The International Federation of Journalists today called for new protection for whistleblowers within the institutions of the European Union as part of a comprehensive review of transparency rules and communications policy.
“The European Union is not convincing citizens that what happens in Brussels is good for them and good for the future of Europe,” said Aidan White, IFJ General Secretary at a meeting regarding whistle-blowing and its importance to democracy and institutional accountability in Brussels today.
He said that a culture of censorship within the EU institutions was leading to the victimisation of civil servants who revealed information in the public interest. He said that the hearing this week over suspended chief accountant Marta Andreasen was a test case of the Commission’s trust in the concept of the people’s right to know.
“Here is a woman facing the sack because she told the truth about the problems within the EU accounting system. It was a problem they knew about inside the Commission, but they wanted to keep secret from the people of Europe,” he said. “Why should it be appropriate in a democracy for someone to face dismissal because they told the truth?”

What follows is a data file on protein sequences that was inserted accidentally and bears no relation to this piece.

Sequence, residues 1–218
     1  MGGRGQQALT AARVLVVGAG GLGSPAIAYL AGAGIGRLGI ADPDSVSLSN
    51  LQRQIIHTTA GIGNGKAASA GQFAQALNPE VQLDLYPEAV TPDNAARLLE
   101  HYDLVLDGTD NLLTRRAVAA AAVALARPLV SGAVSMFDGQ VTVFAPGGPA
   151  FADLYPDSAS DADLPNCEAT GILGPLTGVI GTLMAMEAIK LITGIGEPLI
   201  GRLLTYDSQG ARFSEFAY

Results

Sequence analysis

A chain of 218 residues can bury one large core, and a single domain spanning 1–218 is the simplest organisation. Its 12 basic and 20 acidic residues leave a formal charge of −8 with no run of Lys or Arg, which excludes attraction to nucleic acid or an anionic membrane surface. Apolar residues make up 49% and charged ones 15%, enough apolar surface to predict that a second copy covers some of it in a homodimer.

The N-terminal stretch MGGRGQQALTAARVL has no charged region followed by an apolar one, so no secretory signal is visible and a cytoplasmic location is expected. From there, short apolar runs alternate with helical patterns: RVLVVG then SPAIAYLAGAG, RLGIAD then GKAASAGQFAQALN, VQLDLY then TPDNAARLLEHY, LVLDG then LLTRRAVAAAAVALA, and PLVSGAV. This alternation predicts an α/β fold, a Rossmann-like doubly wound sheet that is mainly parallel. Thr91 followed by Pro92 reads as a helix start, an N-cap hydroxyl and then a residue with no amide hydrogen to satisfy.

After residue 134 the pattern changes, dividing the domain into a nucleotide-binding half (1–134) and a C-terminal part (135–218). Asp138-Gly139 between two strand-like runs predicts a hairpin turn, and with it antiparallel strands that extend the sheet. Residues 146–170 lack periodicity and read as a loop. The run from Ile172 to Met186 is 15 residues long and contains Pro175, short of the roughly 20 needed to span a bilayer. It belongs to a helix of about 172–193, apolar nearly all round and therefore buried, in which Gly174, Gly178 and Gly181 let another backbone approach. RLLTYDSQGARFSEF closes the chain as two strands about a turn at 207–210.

“The problem is that some Brussels leaders think people should be fed information that suits only their political and management interests,” said White. “That’s not good enough in a democracy and people outside the Brussels goldfish bowl are well aware of it.”
Formal presentations were given by whistleblowers Paul Van Buitenen and Dougal Watt at the meeting organized by the Journalists @ Your Service (JAYS) coalition of journalists’ groups, including the IFJ, the Brussels foreign correspondents group, API, the European Journalism Centre, the National Union of Journalists (UK and Ireland) and the International Press Centre.
Dougal Watt explained his experience as a public service auditor with the European Court of Auditors (CoA), and the events that eventually led to him being forced out of his position. He questioned CoA management efficiency and the willingness of MEPs to act on information given to them.
Paul van Buitenen summarised the events that lead to his departure from the EC and eventual election as an MEP.
The speakers included Martha Andreasen, who is facing dismissal for going public over accounting problems in the EU.
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The IFJ represents over 500,000 journalists in more than 100 countries